Second, we need to be able to read and write. We have to read this e-mail because someone else has taken her time to explain something to us, not because she has found some free time to talk about IT stuff – and believe me, users are not a single bit interested in IT stuff, they just need to get things done. And we need to write. We cannot reply to someone’s e-mail saying that “FYI: Issue is fixed.” At the very least, we need to call the person, explain what is wrong in simple terms – something like “we had a misbehaving application on the terminal server, which was giving you and us the headache” – and explain simply that you worked on it and sort it out. Personally, I go off the limits and I explain them precisely what is wrong: company policies, application incompatibility, backward compatibility issues, why we cannot update or upgrade or even that we, the IT Pros, as the other humans, are sometimes helpless too. And once you explain them, you can send them an e-mail like this: “Dear Ms. Brown, As I explained you on the phone, we have been able to fix this issue. Thank you very much for your patience and assistance.” And without a sloppy language. All e-mail clients offer some kind a spell checking. Use it dammit! Nobody, including you wants to receive an e-mail with a sloppy writing!

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This is making everyone know how you work, what you do and what do you experience. I am not talking about visiting every desk and telling them your story. What I am telling is not to hide yourself, not to hide what you are doing and not to cover things up. One of the deadliest mistakes that you can do is to think that the more you reveal, the more you will be questioned. It is always just the opposite. The less you conceal, the less you are questioned. Since people know what you are doing, that you are explaining things to them and that they can receive answers when they ask, the less they are curious and they are much more respectful to your job and to yourself. If you are self confident you provide visibility, if not you conceal. It is as simple as that.

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Although you may argue that this should go without saying, I believe it worths mentioning. Yes, as IT pros we collaborate with each other; just look at the wealth of information on the Internet and compare it to any other profession. But we fail to collaborate with our users. Thinking that they are the ones experiencing issues and isolating them from the problem or the solution will not work: from a different point of view, it is isolating yourself. Letting the users working on the solution, providing information, discussing ways to solve problems will make them part of the problem. More, it will change their views on your job and think about you as a colleague, not an isolated person who is paid to fix stuff. When we solve the problems, we have to get in contact and tell them what we have gone through. At the end we become people that are working together, not isolated units pushing each other.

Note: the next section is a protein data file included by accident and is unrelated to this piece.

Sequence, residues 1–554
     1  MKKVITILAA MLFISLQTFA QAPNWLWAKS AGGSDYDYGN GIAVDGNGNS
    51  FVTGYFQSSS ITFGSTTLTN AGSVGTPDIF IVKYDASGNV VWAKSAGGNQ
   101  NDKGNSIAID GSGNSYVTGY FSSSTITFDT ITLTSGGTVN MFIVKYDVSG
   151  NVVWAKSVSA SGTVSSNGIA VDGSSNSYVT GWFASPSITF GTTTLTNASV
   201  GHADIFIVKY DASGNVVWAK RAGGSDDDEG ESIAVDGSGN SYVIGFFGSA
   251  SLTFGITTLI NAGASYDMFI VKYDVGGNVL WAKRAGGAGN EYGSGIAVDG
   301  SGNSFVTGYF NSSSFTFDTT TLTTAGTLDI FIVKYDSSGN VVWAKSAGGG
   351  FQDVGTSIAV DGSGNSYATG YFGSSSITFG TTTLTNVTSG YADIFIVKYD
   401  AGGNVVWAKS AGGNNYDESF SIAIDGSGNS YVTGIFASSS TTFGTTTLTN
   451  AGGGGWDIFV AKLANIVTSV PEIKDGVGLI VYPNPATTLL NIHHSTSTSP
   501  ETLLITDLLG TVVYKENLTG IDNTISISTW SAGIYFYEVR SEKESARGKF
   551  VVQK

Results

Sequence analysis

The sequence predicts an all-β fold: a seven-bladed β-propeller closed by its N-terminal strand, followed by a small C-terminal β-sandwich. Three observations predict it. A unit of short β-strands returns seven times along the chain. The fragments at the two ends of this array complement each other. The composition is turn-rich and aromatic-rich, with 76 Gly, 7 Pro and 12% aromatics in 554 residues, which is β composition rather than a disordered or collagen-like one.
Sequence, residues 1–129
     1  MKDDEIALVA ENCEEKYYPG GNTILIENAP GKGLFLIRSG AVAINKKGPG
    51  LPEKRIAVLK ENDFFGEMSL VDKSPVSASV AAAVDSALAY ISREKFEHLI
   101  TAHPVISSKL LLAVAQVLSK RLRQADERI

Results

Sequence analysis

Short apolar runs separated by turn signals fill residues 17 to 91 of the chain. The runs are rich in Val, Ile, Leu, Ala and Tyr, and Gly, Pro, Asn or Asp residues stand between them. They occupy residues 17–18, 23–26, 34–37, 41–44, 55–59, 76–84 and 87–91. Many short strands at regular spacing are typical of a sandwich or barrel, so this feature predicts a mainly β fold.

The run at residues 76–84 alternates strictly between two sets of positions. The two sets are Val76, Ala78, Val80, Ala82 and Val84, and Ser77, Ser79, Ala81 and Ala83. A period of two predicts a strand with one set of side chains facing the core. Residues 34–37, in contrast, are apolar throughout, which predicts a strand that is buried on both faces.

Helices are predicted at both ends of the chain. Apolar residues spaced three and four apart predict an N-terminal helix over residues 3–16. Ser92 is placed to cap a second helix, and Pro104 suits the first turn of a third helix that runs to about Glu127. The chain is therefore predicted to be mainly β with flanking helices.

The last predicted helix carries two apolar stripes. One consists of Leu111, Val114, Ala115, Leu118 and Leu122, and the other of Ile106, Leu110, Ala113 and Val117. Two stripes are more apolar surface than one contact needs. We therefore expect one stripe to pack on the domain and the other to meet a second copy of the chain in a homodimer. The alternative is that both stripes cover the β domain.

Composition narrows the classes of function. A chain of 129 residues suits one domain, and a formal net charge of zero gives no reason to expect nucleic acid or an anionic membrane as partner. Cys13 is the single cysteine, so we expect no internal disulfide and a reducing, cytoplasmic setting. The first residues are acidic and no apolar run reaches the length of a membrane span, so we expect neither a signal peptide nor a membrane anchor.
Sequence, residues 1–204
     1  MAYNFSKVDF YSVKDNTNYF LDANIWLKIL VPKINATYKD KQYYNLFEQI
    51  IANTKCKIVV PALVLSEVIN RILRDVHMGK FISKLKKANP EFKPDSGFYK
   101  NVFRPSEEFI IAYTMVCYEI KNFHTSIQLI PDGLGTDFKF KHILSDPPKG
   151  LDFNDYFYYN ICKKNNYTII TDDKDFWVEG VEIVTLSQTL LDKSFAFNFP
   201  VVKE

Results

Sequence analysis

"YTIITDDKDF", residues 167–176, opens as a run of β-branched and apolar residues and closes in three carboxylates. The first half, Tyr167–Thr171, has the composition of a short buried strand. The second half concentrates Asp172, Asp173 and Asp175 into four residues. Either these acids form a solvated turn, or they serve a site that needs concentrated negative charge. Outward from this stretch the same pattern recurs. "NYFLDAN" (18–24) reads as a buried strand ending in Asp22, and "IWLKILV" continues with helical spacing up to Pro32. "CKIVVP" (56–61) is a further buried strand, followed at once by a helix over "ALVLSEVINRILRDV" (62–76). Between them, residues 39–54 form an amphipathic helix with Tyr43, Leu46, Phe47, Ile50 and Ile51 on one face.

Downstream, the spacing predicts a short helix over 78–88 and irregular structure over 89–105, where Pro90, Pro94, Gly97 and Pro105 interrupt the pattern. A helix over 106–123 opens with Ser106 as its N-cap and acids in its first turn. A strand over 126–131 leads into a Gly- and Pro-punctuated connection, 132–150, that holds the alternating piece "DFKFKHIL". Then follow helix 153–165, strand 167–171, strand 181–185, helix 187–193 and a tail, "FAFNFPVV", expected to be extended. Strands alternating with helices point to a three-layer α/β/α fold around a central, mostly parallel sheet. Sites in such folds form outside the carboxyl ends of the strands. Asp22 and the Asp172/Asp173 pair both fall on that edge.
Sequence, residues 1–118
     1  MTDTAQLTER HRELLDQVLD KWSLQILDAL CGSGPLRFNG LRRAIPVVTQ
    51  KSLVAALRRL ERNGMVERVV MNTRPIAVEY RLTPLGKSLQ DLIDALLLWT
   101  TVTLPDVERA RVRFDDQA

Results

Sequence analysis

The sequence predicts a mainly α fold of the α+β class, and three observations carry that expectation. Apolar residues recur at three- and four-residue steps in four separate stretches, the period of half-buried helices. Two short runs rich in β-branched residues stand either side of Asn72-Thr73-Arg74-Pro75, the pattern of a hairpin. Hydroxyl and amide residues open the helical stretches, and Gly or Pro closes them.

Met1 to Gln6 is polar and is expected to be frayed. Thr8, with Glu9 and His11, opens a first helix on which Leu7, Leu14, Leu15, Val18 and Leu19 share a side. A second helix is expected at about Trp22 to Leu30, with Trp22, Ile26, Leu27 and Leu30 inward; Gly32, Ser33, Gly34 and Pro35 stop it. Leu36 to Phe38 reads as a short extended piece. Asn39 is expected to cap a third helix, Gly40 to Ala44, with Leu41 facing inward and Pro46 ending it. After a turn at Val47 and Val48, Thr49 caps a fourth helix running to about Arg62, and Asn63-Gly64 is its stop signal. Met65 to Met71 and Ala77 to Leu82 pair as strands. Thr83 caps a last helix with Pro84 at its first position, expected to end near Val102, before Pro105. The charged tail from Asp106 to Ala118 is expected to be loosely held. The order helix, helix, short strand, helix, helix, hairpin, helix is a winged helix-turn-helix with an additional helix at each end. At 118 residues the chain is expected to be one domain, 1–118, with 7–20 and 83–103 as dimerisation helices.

Everything is for the humans: bridges, railways, hospitals, natural wonders and information technologies. Thinking about this in every part of our job and putting in the humanity will make work easier and more enjoyable for everyone, including ourselves. And for the ultimate selfish in yourself, think that the person you are not speaking to may become the CIO in the future.

What do you think? What is the missing human element in the IT pros in your organization? What would you prefer they did? Hit the comments below.